“Las Mananitas” is a traditional Mexican birthday song done as part of the event, and will include around 80 children doing a serenade of poems and each will carry a rose to the church alter; roses are associated with Mary’s appearance to Juan Diego.
In keeping with the Mexican tradition, Guadalupe songs will be sung and a folklore group from Dayton will perform a dance. After the service, a variety of traditional Mexican foods will be served including champurrado, a thick chocolate-based drink, and bunuelos, a crispy pastry covered in syrup and sugar.
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“It’s a beautiful event,” said Mary Alice Ordonez, Assistant Director of Hispanic Ministry for Dayton and North. “We hope the American people would like to see some of our holiday traditions.”
According to Ordonez, about 99 percent of Springfield’s Latino population is Mexican.
The seasonal celebrations will continue at 6 p.m. Sunday, Dec. 17 with Las Posadas, the beginning of nine nights of rituals leading up to Christmas.
Posadas translates to inns, signifying Mary and Joseph’s search for an inn to stay for Jesus to be born.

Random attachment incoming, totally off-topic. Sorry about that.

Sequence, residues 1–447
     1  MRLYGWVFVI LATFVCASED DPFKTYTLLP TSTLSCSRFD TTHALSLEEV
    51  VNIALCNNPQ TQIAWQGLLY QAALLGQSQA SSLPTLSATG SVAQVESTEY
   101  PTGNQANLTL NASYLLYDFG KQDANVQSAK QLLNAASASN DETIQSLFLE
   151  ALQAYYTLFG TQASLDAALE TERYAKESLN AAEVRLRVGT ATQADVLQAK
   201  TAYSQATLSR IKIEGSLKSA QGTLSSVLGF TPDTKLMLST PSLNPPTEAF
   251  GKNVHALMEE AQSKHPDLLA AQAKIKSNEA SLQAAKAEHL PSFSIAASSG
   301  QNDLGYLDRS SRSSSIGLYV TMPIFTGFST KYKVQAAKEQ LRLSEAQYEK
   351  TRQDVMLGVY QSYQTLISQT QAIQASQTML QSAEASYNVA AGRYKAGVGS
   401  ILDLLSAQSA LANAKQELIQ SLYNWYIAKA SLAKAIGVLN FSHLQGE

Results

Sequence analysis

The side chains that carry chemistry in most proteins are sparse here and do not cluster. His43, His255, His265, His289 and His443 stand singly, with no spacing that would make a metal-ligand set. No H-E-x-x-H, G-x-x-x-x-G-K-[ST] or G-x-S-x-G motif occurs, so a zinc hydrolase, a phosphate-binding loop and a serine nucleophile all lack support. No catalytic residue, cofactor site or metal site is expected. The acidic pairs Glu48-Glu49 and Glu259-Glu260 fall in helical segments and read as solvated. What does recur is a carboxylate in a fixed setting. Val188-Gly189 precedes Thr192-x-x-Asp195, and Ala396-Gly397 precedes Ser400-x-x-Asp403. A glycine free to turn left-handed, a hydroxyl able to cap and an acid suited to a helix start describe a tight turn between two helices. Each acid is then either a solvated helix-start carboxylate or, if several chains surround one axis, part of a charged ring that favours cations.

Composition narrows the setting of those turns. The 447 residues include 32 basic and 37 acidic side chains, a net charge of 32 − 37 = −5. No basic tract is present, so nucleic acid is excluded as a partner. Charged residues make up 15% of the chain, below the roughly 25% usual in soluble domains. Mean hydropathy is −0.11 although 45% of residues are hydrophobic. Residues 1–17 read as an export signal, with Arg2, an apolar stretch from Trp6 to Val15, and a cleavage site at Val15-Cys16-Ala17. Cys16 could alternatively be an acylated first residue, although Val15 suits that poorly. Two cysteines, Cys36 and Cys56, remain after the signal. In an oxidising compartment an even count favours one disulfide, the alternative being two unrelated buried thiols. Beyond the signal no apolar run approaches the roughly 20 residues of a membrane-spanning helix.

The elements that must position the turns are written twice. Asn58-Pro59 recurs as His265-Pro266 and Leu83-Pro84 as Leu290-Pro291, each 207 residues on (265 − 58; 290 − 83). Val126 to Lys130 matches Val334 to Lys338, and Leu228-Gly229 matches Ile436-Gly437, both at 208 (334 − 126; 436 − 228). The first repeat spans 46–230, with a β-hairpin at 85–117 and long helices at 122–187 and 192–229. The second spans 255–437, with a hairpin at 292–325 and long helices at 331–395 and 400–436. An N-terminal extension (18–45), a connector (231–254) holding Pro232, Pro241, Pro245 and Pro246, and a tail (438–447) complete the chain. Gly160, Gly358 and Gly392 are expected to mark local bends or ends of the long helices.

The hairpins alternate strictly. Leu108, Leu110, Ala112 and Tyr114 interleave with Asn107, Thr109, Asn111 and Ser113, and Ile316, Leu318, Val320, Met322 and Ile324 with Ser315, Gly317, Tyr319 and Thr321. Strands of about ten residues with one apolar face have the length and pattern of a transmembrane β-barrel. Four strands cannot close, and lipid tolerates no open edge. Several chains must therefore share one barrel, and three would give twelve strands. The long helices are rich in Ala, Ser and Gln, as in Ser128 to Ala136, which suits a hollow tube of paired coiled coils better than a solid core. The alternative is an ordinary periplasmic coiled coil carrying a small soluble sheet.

This tradition includes nightly rituals such as praying to the rosary, singing advent songs relating to Mary and Joseph, holiday carols and food. Many local people celebrate by visiting different homes each night.
Celebrating for nine nights is symbolic of the nine months Mary carried Jesus.
Things don’t end at Christmas. On Jan. 6, El Dia de Reyes, or Thee Kings Day, is a commemoration of the wise men, or Magi, who brought Jesus gifts upon his birth. This Mexican tradition resembles Christmas in that children receive gifts.
El Dia de Reyes is exclusive to the local Hispanic community.
“These are very joyful traditions,” Ordonez said. “When you are away from your country you can miss traditions and this is a chance to recreate a bit of your home country.”
For more information on these events, contact St. Teresa’s at 937-342-8861.